Unions say 'no' to pay talks

February 10, 2006

Academic trade unions have rebuffed a move by employers to reopen pay negotiations, refusing to put planned industrial action on hold unless vice-chancellors put a "substantive offer on the table".

The Universities and Colleges Employers' Association has written to the Association of University Teachers and lecturers' union Natfhe, offering to resume talks later this month. But the offer was made on the proviso that the unions "put on hold any industrial action authorised by the two unions'

current ballots", due to close on February 16.

Ucea initially refused to offer to reopen talks over the claim for a 20 per cent pay rise over three years while the union was holding a ballot for strike action and an examinations boycott.

But the reply from unions this week states that there is "no reason to ask our members to defer existing plans for industrial action" while there is no firm pay offer.

Ucea chair Geoffrey Copland told the unions in a letter last week: "We remain deeply disappointed by your apparent preference for action that could adversely affect students rather than for serious negotiations on the claim you had just submitted.

"Employers remain committed to constructive negotiations. Ucea is consulting our subscribing universities and colleges on the issues raised in your new claim. We would like to arrange a series of negotiating meetings with the aim of reaching an agreed settlement."

But in a letter of reply the unions say that, despite having submitted initial pay demands in October last year, the employers have failed to make any "substantive response".

Malcolm Keight, AUT deputy general secretary, says in the letter: "The academic unions are also committed to constructive negotiations. Our dealings with Ucea in the past have indicated that procrastination is a popular employer tactic and... we felt driven to ensure that staff concerns... were properly addressed in a timely matter. To attempt to make a deferral of action a condition of commencing meaningful negotiations, would only be interpreted by our members as further procrastination."

A spokesman for Ucea said that it was hard to produce a firm offer when support-staff unions, representing more than half of university staff, had not submitted their pay claim. HeJstressed that theJunions' letter referred to their "existing plans for industrial action" before their ballot had closed. He added:J"Academic unions seem determined to disrupt and rebuff dialogue."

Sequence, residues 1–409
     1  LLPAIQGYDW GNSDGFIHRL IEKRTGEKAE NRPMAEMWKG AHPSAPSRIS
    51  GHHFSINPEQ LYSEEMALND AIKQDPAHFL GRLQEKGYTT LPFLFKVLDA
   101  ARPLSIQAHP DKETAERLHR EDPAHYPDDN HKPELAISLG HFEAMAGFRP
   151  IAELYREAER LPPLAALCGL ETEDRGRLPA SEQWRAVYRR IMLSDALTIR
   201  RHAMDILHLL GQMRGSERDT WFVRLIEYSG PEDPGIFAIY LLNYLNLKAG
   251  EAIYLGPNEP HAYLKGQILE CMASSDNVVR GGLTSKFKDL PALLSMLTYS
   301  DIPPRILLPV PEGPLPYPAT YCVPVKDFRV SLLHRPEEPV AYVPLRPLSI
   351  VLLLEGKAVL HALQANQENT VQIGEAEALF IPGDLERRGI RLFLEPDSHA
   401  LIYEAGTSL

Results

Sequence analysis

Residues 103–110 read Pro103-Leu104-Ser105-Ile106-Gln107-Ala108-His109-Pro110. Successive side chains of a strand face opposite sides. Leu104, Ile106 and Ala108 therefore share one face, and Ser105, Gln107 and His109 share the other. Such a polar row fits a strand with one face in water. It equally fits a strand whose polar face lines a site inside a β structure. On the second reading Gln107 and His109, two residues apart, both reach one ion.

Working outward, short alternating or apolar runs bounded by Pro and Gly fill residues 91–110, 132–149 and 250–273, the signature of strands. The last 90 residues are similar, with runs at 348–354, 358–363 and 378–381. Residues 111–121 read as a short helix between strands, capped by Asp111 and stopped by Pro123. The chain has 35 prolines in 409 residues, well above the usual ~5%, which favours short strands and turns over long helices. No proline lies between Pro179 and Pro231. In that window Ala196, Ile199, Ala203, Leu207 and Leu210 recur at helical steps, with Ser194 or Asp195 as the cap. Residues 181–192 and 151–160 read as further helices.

The unions are building support from MPs for their campaign. An early day motion in Parliament, put down last week by Gordon Marsden, Labour MP and a member of the Education Select Committee, "urges university vice-chancellors to make their staff a priority and to seek a settlement to the current pay dispute".

As The Times Higher went to press, the EDM had received 29 signatures, including those of Glenda Jackson, a former Labour minister, and Peter Bottomley, a former Conservative minister.

The unions' claim that the details of the 2006-07 government funding settlement for higher education last week confirm that their demands are easily affordable.

Ruth Kelly, the Education Secretary, last week confirmed that universities would receive £6.5 billion excluding the additional income from top-up fees. This includes a 6.7 per cent increase in the teaching grant for 2006-07, and a 7.3 per cent increase for research.

Paul Mackney, Natfhe general secretary, said the 20 per cent pay claim amounted to 8 per cent for 2006-07, which universities could "clearly afford".

But employers said that apart from an extra £20 million set aside for widening participation, the sums were the same as those already set out in the Comprehensive Spending Review last year. Ucea said that teaching funds reflected the increase in student numbers and were largely "eaten up" by inflation at 2.5 per cent. A Ucea spokesman said: "Pay increases greater than 2.5 per would therefore require an increase in the staff-student ratio."

Ucea added that the research funding would be highly concentrated in elite institutions and could not form the basis of a national pay settlement.

Sally Hunt, AUT general secretary, said: "There has never been any question of whether or not the employers can afford to meet our demands. Our claim is fully costed."


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